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Hunter Dozier doesn’t seem to fit anywhere in the Royals roster puzzle

Where is he going to play?

Texas Rangers v Kansas City Royals Photo by Christian Petersen/Getty Images

The Kansas City Royals drafted Hunter Dozier as the eighth overall pick in the first round of the 2013 Major League Baseball draft. The star of that draft was very clearly Chicago Cubs third baseman and second overall pick Kris Bryant, but other than Bryant the most successful players in that draft are guys like Kendall Graveman, Ryon Healy, and Sean Manaea, none of whom are exactly household names. Manaea was actually another Royals pick, the 34th overall, and Kansas City’s interest in Manaea combined with the minutia of draft signing bonus structure was the reason that the Royals selected Dozier first. From this very website four years ago:

The Royals draft strategy is starting to make clearer sense now after Jim Callis reported today that the club has signed pitcher Sean Manaea to a $3.55 million bonus, a record for a supplemental round pick. The slot value for the 34th overall pick - where Manaea was selected - is $1.623 million. Manaea, a left-handed pitcher out of Indiana State University, was considered a top ten talent by many, but slid due to some injuries late in the year, and was considered a tough sign since he still had the option to return to school for his senior year to re-establish his draft value...

...They took Hunter Dozier with the #8 pick, with the expectation he would sign underslot, allowing them to draft Manaea at #34. Had they taken Manaea at #8 and failed to sign him, they would have had to forfeit the slot value at #8, massively shrinking their draft budget. Dayton played the system, and for once, he played the system well.

From the very beginning, Dozier was really a means to an end: Kansas City wanted Manaea, who they were able to get with the help of Dozier. Of course, Dozier was considered to be a pretty good player himself. From River Ave Blues’ scouting report on Dozier:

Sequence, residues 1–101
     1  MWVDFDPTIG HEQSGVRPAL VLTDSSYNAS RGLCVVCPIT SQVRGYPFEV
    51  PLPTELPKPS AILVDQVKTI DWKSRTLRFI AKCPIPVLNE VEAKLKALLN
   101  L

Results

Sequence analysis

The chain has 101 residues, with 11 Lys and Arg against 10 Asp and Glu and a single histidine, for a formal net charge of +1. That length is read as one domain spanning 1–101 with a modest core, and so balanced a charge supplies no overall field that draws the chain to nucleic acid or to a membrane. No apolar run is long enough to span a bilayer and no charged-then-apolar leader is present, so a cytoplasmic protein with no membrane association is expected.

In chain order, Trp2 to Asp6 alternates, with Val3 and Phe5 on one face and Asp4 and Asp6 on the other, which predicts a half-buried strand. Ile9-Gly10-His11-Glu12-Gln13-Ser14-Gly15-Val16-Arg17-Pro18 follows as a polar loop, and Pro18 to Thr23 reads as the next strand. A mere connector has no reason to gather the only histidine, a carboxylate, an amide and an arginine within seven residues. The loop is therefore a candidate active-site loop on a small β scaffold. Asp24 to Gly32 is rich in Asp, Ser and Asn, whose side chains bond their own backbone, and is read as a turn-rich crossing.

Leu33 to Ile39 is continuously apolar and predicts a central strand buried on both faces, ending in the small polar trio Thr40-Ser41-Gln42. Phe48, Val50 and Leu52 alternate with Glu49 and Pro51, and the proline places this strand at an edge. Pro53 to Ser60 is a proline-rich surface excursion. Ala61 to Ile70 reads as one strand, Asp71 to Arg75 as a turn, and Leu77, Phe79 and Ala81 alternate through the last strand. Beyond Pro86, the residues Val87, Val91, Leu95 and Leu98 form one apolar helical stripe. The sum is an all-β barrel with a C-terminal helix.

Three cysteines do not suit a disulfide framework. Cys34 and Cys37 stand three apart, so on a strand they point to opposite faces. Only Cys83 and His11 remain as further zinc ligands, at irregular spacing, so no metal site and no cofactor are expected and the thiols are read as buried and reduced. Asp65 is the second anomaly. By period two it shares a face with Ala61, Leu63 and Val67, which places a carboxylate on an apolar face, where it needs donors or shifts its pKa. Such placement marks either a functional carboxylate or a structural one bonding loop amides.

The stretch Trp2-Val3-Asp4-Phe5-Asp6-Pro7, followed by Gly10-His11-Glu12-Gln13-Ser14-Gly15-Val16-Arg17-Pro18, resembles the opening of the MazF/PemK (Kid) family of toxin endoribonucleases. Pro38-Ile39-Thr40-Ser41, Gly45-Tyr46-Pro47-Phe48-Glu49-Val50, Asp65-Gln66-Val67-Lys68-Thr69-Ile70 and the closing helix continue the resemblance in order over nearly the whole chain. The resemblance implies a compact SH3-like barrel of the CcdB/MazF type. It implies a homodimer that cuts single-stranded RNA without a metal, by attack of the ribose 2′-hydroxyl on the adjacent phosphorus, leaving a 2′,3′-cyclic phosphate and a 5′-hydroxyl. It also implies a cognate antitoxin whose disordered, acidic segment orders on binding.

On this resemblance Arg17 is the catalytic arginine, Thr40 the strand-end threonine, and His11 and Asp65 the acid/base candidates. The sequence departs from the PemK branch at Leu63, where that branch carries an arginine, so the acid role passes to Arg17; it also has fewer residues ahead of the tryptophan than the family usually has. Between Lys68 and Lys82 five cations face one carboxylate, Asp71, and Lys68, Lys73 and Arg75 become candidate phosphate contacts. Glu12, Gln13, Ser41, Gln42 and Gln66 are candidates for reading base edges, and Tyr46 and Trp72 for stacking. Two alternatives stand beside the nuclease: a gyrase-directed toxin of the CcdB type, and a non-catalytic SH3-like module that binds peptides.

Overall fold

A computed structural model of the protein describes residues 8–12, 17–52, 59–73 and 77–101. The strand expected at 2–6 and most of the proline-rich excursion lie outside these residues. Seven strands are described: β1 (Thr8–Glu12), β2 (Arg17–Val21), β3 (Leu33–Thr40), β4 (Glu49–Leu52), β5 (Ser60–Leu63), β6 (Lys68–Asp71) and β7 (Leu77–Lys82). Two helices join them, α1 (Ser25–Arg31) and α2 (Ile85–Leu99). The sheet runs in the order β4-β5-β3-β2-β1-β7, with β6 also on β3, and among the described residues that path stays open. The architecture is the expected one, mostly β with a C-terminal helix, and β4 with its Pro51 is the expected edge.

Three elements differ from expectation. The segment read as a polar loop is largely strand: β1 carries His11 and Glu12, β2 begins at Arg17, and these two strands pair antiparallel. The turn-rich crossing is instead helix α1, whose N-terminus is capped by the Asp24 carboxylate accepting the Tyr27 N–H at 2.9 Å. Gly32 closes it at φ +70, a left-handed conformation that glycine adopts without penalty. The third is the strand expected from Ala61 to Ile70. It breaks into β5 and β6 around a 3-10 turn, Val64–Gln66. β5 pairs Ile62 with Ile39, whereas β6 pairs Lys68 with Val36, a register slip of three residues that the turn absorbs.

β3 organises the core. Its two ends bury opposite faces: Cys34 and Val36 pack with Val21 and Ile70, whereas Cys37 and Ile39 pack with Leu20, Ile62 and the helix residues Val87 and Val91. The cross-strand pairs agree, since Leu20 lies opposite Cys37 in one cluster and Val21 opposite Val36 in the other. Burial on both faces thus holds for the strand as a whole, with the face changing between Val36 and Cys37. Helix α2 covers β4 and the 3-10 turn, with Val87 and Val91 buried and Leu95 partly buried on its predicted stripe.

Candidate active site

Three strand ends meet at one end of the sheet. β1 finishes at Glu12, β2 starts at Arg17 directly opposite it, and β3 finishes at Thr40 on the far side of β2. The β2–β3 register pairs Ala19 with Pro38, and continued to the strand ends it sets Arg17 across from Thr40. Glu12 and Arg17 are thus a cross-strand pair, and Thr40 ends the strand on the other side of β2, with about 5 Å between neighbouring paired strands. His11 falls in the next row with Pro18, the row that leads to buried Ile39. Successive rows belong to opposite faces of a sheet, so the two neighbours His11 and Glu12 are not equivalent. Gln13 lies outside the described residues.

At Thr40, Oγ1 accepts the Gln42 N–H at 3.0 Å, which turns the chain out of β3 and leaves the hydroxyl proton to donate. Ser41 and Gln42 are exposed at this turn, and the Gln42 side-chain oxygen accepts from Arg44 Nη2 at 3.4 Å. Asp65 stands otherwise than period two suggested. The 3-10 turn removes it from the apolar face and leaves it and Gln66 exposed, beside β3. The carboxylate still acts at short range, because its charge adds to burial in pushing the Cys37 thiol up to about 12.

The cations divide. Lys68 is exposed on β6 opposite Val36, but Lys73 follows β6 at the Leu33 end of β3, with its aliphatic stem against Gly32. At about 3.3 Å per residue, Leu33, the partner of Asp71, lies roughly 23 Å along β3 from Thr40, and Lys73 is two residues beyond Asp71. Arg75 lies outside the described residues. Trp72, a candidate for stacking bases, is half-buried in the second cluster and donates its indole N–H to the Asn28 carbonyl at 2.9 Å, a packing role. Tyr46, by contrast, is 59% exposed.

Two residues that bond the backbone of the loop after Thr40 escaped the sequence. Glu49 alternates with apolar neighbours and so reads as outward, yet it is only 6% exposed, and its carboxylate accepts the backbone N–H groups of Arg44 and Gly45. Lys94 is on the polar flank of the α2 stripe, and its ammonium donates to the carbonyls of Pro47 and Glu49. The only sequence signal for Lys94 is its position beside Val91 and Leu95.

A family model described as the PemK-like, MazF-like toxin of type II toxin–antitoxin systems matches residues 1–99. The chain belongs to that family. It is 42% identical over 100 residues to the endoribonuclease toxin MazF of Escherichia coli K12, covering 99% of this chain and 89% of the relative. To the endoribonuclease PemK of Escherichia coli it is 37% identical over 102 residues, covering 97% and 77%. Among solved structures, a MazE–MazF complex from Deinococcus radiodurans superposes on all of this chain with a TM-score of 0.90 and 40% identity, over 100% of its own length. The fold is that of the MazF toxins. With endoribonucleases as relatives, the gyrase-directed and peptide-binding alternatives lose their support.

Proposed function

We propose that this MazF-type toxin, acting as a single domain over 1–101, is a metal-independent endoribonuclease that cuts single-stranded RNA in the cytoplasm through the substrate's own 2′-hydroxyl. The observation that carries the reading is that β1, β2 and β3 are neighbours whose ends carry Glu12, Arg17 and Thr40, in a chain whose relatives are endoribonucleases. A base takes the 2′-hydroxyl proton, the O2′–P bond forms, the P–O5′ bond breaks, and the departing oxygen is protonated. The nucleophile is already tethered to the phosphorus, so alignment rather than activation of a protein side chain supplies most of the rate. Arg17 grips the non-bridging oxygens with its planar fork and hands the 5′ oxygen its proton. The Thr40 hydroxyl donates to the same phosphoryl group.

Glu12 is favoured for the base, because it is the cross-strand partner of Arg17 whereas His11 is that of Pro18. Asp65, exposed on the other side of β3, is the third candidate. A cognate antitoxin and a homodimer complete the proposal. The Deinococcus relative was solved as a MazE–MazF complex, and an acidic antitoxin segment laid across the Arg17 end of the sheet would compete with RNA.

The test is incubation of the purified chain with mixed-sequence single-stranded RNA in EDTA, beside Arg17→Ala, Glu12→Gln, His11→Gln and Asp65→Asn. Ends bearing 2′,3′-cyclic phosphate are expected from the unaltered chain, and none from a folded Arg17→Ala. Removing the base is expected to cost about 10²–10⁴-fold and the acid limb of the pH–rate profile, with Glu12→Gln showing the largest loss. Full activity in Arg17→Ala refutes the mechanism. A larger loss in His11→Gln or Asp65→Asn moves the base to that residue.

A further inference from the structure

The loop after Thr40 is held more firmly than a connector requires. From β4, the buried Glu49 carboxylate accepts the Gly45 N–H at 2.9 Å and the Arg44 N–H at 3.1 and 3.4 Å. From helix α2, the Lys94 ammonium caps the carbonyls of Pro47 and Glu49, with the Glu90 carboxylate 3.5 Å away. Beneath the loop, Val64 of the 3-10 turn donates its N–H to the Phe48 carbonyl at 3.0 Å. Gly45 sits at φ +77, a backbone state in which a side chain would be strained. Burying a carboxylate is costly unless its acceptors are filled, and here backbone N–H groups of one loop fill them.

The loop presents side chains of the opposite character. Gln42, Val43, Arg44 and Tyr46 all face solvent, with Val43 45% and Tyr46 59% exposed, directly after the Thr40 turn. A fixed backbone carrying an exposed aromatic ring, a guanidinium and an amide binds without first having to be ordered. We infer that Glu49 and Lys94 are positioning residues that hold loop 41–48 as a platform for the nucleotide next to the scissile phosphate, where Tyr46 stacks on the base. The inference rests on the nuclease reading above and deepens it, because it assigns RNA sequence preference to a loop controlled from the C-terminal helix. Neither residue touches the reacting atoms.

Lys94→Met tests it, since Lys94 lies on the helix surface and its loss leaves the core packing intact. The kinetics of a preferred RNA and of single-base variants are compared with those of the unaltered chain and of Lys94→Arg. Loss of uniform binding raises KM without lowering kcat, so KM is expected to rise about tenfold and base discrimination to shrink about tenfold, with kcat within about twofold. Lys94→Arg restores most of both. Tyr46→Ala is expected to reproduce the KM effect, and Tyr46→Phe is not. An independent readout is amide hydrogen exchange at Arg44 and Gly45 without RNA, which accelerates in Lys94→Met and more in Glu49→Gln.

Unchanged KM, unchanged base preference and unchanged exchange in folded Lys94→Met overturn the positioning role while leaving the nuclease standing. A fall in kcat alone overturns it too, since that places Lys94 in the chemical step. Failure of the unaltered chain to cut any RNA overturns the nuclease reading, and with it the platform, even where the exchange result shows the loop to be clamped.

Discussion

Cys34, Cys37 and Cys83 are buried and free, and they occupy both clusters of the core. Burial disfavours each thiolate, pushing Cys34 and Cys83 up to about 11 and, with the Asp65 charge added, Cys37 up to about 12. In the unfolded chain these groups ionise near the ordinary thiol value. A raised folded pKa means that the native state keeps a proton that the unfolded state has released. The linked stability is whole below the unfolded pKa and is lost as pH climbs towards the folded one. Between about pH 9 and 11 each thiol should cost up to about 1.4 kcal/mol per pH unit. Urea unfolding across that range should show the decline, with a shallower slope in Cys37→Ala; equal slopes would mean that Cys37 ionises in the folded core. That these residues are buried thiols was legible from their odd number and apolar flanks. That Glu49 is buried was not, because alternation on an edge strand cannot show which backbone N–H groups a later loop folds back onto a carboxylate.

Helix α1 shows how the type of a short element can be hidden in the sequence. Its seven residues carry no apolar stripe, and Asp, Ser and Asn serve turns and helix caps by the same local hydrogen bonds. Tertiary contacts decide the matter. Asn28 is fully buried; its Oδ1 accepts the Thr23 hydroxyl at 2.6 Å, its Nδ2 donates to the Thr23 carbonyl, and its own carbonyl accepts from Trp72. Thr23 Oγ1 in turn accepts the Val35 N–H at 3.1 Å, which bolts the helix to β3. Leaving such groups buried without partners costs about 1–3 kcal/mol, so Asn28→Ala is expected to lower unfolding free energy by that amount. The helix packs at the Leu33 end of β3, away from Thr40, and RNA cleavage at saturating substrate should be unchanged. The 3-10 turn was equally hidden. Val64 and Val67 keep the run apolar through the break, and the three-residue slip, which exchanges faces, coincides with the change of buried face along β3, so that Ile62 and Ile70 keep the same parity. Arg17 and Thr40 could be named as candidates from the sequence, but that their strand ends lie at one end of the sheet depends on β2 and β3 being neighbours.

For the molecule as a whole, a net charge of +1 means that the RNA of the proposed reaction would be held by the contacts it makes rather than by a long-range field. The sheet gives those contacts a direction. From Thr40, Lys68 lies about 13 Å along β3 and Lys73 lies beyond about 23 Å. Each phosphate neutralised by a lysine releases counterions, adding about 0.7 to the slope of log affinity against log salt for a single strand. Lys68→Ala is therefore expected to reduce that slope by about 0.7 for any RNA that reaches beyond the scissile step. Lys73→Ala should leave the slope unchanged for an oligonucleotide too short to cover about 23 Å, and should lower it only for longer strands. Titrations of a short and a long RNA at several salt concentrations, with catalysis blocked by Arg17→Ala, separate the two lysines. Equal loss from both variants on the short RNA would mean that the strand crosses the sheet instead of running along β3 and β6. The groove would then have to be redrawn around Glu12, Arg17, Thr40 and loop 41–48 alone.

After going undrafted out of a Texas high school in 2010, Dozier followed through on his commitment to Stephen F. Austin State University and has hit .357/.428/.608 with 32 homers in three years for the Lumberjacks. He hit .396/.482/.755 with 17 homers and 12 stolen bases this year, and he’ll become the highest drafted player in school history (by a lot) later this week.

Listed at 6-foot-4 and 220 lbs., Dozier stands out for his right-handed power. He has very strong hands and uses his lower half very well, allowing him to do most of his damage the other way to right field. His bat control and quick swing still allow him to catch up to inside pitches and avoid getting jammed. The offensive tools all play up because Dozier knows the strike zone well and waits for his pitch. Although he moves well for his size and is a good athlete, he’ll wind up at either second or third base as a pro. He pitched once upon a time and has a very strong arm.

The Royals did indeed see Dozier as something other than a shortstop. Dozier started nine games at short the year he was drafted, but otherwise played exclusively at the hot corner until 2016, when the Royals started to mix in some time in the corner outfield and first base.

Dozier’s professional career has been well documented here and elsewhere. A short review: Dozier hit well in Rookie ball and low A ball in 2013, crushing his way through high A ball in 2014 and earning a midseason promotion to AA. There he languished for the rest of 2014 and all of 2015, his offense all but abandoning him. Dozier bounced back in a big way in 2016, when he finally conquered AA and then AAA, making his Major League debut in September. Dozier played eight games for the Kansas City Royals, all in the corner outfield, and hit .211/.286/.263. His first career hit was a rocket line drive double (albeit on the receiving end of a total blowout):

Dozier’s recent momentum screeched to a halt after he suffered a Grade 2 oblique strain at the beginning of April. He was placed on the 60-day disabled list, and just before Memorial Day Weekend he began his rehab stint at A+ Wilmington; he’s now moved his rehab to AAA Omaha. When Dozier returns from his rehab stint, even if he only goes back to the minor leagues, the Royals will need to put him back on their 40-man roster. This is going to be the easy part—the Royals only have 39 players on the 40-man right now anyway. The harder part is figuring out just where on earth Dozier fits in the organization.